## Ants Solving the Traveling Salesman Problem

I have been working on building the stochastic optimization algorithm inspired by ant foraging called the Ant System as described in Marco Dorigo’s paper, “The Ant System: Optimization by a colony of cooperating agents.” Code for running it yourself using Python 3 can be found in my Ant System github repo. It is being used to find solutions to the Traveling Salesman problem on the 30-city “Oliver 30” data set. Initial results below. The general question is: given a map of cities, what is the minimum path to take such that you visit all cities precisely one time? This has obvious applications to logistics or routing traffic in optimal ways.

### Algorithm Broad Strokes

The general idea of the Ant System is to build something that uses both local and global information to guide decisions. Local information could be something like: move to the city that is closest to my current city that I haven’t been to yet. Another way might be: assign a probability for moving to a new city to be proportional to how close it is. If it’s really close, large probability, if it’s really far away, small probability.

Global information can be utilized in a variety of ways. In the case of real ants, they leave pheromone trails and the simple dynamics of the laying + evaporating chemical system results in short paths being reinforced more heavily than longer paths. The algorithm follows a similar approach: wait until the ant completes an entire tour through the 30 cities and then lay a trail that has a strength inversely proportional to its tour length. This way ants that had short paths leave more “pheromone” than those with long paths.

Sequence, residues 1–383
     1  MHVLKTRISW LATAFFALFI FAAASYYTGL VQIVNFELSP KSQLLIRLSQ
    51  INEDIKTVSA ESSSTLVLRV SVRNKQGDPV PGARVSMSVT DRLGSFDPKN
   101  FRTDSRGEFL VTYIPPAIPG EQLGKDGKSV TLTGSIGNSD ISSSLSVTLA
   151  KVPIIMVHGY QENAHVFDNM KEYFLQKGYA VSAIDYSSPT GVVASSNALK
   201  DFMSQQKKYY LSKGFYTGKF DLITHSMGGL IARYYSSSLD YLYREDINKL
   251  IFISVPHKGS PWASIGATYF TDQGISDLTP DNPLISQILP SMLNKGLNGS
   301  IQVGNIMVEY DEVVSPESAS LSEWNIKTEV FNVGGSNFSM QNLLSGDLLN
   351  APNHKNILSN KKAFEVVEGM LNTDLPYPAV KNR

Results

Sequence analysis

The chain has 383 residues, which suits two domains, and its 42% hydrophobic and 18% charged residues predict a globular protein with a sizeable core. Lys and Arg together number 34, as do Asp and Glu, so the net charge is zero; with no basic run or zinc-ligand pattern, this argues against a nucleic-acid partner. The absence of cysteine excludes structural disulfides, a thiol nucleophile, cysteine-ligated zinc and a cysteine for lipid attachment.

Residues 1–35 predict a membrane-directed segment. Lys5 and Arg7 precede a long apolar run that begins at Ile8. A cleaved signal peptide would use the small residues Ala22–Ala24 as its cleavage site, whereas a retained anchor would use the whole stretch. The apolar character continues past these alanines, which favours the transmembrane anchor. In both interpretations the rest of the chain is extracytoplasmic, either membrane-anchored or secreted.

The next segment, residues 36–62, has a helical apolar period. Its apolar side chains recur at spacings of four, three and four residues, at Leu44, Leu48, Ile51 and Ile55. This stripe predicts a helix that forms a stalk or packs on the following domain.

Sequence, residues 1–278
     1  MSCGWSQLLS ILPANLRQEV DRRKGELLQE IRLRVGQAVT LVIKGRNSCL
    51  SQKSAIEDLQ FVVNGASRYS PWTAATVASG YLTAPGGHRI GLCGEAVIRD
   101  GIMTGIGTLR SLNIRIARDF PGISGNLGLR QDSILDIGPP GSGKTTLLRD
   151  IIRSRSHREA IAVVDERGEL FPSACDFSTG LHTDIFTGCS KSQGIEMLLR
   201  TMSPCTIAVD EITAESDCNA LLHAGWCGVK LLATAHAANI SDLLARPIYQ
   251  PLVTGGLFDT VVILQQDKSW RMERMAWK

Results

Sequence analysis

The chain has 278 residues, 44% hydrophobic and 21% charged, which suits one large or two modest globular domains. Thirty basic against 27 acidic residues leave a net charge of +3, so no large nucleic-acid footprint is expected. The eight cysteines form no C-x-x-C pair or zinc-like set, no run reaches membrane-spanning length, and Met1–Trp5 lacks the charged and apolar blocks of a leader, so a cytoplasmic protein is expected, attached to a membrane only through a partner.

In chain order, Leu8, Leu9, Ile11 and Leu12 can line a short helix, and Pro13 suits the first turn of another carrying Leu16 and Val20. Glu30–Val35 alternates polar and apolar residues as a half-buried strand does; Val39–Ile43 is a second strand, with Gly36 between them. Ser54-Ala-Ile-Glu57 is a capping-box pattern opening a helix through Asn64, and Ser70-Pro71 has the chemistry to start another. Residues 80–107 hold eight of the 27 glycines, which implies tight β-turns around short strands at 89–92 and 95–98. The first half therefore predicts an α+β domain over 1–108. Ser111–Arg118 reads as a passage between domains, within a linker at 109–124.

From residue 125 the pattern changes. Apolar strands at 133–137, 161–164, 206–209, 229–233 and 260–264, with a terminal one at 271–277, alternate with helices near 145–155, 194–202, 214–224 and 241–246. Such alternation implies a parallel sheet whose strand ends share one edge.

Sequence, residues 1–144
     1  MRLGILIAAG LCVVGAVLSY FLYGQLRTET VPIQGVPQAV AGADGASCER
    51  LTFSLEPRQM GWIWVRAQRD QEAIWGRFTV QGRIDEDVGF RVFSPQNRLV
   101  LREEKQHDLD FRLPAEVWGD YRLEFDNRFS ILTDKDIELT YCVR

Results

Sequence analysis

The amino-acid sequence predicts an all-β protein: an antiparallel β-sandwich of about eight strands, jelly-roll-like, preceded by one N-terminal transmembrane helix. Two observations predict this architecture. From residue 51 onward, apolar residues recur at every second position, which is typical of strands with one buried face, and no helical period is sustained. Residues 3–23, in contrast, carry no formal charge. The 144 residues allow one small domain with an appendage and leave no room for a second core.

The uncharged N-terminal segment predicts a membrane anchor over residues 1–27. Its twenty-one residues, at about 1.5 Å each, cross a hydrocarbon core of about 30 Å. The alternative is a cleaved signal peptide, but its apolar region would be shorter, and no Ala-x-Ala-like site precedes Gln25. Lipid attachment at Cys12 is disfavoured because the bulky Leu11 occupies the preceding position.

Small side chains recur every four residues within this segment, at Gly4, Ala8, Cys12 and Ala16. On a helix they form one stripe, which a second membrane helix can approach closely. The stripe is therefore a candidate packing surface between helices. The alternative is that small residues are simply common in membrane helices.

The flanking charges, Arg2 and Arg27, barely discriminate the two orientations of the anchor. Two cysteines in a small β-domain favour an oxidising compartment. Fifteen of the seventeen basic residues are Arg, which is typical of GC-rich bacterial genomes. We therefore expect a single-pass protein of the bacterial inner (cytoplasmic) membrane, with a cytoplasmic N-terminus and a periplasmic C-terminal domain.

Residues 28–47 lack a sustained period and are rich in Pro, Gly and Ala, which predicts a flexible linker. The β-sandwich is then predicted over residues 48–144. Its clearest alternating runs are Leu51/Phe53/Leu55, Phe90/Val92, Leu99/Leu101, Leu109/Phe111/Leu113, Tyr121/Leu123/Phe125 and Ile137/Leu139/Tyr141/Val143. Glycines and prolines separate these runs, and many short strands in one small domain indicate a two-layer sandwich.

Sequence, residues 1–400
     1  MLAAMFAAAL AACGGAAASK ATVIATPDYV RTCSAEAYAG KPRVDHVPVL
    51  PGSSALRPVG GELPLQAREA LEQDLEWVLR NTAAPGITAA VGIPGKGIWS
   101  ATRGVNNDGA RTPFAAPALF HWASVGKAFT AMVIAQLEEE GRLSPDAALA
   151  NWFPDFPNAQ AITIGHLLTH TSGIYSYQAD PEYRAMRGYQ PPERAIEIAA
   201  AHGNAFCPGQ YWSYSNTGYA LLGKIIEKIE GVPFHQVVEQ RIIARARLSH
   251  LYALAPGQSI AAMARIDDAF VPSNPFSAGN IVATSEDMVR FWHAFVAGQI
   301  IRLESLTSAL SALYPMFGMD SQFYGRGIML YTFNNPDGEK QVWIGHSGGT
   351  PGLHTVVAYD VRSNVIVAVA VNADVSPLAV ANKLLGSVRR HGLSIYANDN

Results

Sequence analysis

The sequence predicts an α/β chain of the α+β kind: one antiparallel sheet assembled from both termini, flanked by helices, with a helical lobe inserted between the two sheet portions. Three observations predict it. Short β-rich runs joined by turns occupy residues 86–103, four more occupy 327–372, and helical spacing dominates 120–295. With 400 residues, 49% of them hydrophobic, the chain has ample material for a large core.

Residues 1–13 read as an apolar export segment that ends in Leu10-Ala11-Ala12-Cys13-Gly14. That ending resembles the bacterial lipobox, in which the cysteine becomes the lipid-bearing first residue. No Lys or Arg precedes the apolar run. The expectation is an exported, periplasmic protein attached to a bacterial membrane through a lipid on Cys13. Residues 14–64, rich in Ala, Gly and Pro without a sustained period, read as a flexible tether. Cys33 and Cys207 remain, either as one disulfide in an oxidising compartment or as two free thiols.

The two types of information are combined into a single measure by multiplying the two values. The strength of each score is weighted by raising it to a power, the exponents of which are tune-able parameters in the model. Details are given below.

### Algorithm Details

As mentioned, each “ant” k calculates the amount of pheromone laid at the end of a complete round by dividing a constant by its path length: . Obviously this value equals zero for all connecting paths {i,j} that the ant did not travel. Following Dorigo’s method, I had the same number of ants as cities. This means a total pheromone level is calculated by summing the contributions of the 30 ants: . From one generation to the next, the global trail information is updated by multiplying the previous value by an evaporation constant () and adding in the new contribution calculated above. . The time is incremented by n since the ant has traveled to n cities since the previous update. Call this global information measure G.

Local information was quantified by calculating a “visibility” matrix for which the {i,j} element was simply equal to where is the euclidean distance between cities i and j. Let’s denote this local information measure as L.